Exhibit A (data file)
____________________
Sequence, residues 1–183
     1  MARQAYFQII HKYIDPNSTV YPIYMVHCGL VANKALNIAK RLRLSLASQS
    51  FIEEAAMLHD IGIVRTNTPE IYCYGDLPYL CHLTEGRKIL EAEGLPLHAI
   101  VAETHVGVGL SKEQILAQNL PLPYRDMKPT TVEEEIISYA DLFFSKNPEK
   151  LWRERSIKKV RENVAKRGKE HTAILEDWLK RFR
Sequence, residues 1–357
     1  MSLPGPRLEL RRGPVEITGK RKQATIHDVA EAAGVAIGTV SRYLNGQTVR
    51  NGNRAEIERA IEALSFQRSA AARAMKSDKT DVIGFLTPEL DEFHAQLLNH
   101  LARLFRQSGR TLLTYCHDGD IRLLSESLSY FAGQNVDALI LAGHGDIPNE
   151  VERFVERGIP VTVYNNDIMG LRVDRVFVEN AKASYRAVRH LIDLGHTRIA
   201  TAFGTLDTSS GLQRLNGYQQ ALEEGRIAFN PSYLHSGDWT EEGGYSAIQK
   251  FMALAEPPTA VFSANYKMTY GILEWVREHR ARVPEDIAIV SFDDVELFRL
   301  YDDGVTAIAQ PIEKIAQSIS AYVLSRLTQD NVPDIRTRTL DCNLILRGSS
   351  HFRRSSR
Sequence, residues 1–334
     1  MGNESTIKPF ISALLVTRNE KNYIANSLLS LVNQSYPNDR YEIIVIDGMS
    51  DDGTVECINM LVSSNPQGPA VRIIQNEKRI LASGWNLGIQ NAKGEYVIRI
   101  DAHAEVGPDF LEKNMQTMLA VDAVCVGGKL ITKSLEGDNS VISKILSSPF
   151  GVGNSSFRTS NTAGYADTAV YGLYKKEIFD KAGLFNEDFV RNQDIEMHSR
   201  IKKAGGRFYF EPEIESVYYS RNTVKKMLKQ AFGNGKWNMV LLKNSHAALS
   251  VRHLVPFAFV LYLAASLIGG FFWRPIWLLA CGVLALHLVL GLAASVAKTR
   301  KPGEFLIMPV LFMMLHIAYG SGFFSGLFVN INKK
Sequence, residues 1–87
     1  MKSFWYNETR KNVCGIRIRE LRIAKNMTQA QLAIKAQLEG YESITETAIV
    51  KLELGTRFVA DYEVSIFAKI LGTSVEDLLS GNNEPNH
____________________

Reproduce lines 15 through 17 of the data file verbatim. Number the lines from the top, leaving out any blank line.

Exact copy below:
Sequence, residues 1–334
     1  MGNESTIKPF ISALLVTRNE KNYIANSLLS LVNQSYPNDR YEIIVIDGMS
    51  DDGTVECINM LVSSNPQGPA VRIIQNEKRI LASGWNLGIQ NAKGEYVIRI